Thank you for this.Hello Christopher
Thank you for your enquiry to our forum. As you are no doubt aware Europa was the main base for the Royal Navy Patrol Service (RNPS), whose makeup and role was somewhat different to that of Coastal Forces, as the minesweeping trawlers were working hard to keep the East Coast channel clear for north south convoys, as well as for the movement of the Royal Navy's capital ships from their bases in places like Rosyth to manoeuvre safely south. There is an account of the work involved at the start of Gunboat Command, the biography of Robert Hichens, who went on from working on minesweeping initially to become a famous commander of Coastal Forces MGBs, and Coastal Convoys 1939-1945: The Indestructible Highway provides a very good account of this important, but somewhat overlooked aspect of the War.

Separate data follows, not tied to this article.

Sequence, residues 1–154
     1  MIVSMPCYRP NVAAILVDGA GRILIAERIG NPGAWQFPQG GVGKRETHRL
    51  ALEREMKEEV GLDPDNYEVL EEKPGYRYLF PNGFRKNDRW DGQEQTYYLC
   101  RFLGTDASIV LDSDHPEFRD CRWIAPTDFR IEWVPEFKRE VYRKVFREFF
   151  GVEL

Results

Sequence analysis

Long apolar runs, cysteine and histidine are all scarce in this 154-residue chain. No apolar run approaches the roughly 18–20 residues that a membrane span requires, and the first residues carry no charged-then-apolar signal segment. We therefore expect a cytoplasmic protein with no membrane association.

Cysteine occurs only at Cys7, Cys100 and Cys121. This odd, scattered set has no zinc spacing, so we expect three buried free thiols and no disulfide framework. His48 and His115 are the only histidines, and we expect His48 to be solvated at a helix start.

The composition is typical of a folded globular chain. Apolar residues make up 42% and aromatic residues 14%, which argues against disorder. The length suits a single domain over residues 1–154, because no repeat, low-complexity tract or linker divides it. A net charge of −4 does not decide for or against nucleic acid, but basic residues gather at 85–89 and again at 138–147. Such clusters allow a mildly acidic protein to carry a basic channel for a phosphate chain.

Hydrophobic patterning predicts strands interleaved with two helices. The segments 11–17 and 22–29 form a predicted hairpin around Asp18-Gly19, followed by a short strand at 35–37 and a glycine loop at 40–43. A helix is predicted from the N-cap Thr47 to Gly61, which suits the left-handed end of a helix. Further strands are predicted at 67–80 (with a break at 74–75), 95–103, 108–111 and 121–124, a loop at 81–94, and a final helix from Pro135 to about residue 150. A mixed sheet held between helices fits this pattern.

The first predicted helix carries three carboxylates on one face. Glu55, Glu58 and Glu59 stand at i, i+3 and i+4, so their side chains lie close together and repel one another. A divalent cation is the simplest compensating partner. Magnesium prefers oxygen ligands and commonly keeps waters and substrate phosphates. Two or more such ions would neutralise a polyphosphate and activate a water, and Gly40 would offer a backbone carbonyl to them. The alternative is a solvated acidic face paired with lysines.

Although the work of the RNPS intersected at times with that of Coastal Forces in MLs, MGBs and MTBs, and they shared some of the East Coast bases, they were two different entities, so unfortunately I don't have any information I can give you, but other readers may be able to contribute something. Similarly, Combined Operations at times embodied elements of Coastal Forces, usually in providing close inshore covering fire, or delivery of commandos, but being as your subject was with Landing Craft, again we don't hold much detailed information on that. Landing craft were certainly used during the campaign to oust the Japanese from Burma, and Coastal Forces were there too, and so the broader books on those subjects may contain the odd reference. I ran a quick search for him in the London Gazette to see if I could turn up any award for him, but didn't manage to find anything.
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